I enjoyed Belgium’s Aalst Carnival, then looked for homes in Israel
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I enjoyed Belgium’s Aalst Carnival, then looked for homes in Israel

Parade with elements of anti-Semitism may be just a bad joke, but it’s also part of a shift in western Europe and a mainstreaming of anti-Jewish sentiment

An anti-Semitic caricature in Aalst, Belgium, February 23, 2020. (Nicolas MAETERLINCK/BELGA/AFP)
An anti-Semitic caricature in Aalst, Belgium, February 23, 2020. (Nicolas MAETERLINCK/BELGA/AFP)

AALST, Belgium (JTA) — I probably spend an unhealthy amount of time thinking about the Holocaust.

Partly as a consequence of covering Jewish news in Europe at a time of rising anti-Semitism, Holocaust associations often come to mind in my daily life — on crowded trains, for example.

But I never thought I’d have a conversation end with these words: “I have to hang up now, the Gestapo is coming.”

That moment came Sunday at the Aalst Carnival, an annual costume parade that takes place in this small city about 10 miles west of Brussels. The parade, a cherished tradition here celebrating Lent, the 40-day period ahead of Easter, has become controversial for some of its participants’ tradition of mocking Jews and the Holocaust.

I was on the phone with Joel Rubinfeld, the president of the Belgian League Against Anti-Semitism. He was referring to a group of revelers wearing shiny black long coats and red armbands that were clearly meant to evoke the Nazi uniform. He had to hang up to document the display for the group’s records.

It was, I think, the only reference this year to Nazis at the parade. But caricatures of Jews, including costumes depicting them as insects, were a prominent element in the procession of floats and even among spectators.

Participants of the Aalst Carnival wearing costumes combining ultra-Orthodox Jewish attire with ant limbs at the event in Aalst, Belgium on February 23, 2020. (Cnaan Liphshiz)

Some wore costumes, which many people found offensive, of ultra-Orthodox Jews with fake sidelocks, exaggeratedly large fur hats and ant abdomens attached to their backs. The reason for the ant costumes, one participant explained to me, is that the Dutch word for Jerusalem’s Western Wall sounds like “complaining ant.” They wore a sticker reading “obey” on their lapels and pushed a float shaped like the Western Wall.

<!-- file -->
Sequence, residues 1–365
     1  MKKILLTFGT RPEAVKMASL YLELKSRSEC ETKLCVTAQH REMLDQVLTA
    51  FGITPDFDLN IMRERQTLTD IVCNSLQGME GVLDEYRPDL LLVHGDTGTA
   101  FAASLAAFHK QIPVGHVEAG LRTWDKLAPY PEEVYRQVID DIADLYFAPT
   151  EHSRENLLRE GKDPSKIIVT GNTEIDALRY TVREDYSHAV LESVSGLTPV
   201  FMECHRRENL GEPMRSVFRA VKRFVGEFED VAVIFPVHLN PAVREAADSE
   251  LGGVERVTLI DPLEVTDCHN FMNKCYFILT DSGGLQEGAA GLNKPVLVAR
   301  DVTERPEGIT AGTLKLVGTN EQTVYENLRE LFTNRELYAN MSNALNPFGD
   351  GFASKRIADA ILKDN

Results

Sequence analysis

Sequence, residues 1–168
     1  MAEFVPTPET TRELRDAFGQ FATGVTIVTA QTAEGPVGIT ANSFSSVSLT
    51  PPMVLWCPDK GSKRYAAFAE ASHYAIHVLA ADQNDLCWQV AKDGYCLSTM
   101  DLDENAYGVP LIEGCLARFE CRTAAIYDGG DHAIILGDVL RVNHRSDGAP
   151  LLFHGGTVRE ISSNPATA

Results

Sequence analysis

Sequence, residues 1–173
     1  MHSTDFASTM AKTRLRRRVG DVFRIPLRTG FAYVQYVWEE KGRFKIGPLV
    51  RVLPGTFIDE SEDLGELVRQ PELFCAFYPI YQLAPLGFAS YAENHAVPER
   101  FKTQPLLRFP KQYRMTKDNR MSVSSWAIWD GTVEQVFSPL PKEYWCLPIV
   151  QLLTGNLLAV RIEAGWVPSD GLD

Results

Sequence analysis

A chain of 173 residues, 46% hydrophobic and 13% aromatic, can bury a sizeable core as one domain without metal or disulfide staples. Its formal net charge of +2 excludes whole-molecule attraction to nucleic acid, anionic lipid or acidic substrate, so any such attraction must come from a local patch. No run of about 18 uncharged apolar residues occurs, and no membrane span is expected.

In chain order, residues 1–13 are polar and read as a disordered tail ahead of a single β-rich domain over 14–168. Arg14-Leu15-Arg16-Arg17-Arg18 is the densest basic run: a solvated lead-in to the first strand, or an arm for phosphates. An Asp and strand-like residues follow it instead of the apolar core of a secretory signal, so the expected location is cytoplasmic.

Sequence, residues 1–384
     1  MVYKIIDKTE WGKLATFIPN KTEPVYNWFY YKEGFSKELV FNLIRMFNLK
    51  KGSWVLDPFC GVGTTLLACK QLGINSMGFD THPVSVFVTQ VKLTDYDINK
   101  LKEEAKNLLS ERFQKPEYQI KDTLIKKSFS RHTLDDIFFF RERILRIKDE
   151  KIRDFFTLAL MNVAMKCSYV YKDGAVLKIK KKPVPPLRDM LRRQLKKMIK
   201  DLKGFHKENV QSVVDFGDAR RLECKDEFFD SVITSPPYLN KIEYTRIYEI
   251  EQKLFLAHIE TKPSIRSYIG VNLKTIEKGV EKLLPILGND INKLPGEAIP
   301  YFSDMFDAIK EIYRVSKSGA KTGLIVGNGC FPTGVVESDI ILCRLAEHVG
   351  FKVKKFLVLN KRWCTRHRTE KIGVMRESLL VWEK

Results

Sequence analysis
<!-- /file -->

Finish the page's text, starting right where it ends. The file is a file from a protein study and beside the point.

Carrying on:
Did the parade-goer understand how some observers could be shocked by what looks like a reference to the rich history of depicting Jews as vermin in Nazi and other anti-Semitic propaganda?

“This is just a joke, and we can joke about whatever we want here,” said the man, who said he was 26 years old and working in computers. He identified himself as Fred van Oilsjt — a name that I believe was a joke, as Oilsjt is how his city’s name is written in the local dialect.

Another float, driven by men wearing ultra-Orthodox Jewish costumes, fake hooked noses and silver face paint, featured a large parchment sign proclaiming six “regulations” handed down by the made-up “Jewish festival committee.” They include “No Jews in the procession; no mocking Jews; don’t ever tell the truth about the Jew; what the Jew wants will happen; all drugs and black money is ours.”

The 10 men responsible for the float waited to join the procession under a bridge, where they drank lots of beer and danced to a playlist that combined German heavy metal rock — the kind favored by neo-Nazis — with traditional Jewish tunes like “Hava Nagila.”

This was far from the first time that parts of the Aalst Carnival have presented displays that were deemed anti-Semitic. In 2013, participants dressed like Nazis walked around wearing cans labeled “Zyklon B” — the poison that the Nazis used to kill Jews in gas chambers.

Last year, one float featured two effigies of ultra-Orthodox Jews holding bags of money. One had a rat on his shoulder.

A parade float at the Aalst Carnaval in Belgium featuring caricatures of Orthodox Jews atop money bags, March 3, 2019. (Courtesy of FJO, via JTA)

The float spurred UNESCO to strip the carnival of its credentials as a world heritage event. The group that prepared the float insisted that it wasn’t meant to offend.

Dismissing any historical context of how Jews were caricatured in pre-Holocaust Europe, parade organizers have defended the rat display and others as harmless satire. But to Jews, the displays here are jarring not only because of the stereotypes they betray, but also because they indicate how the borders have shifted on what can be said about Jews in the places where they were murdered or hunted down only 75 years ago.

For many of us, it is this deeper shift — not as much the imagery that reflects it — that’s making us doubt our future in western Europe.

Some participants protested what they found to be anti-Semitic messages at the carnival. Greet Stevens, a middle-aged Christian woman from Brussels, came to the parade wearing blackened goggles, symbolizing her “critical view” of what she called “cheap attempts to hurt and provoke Jewish people.”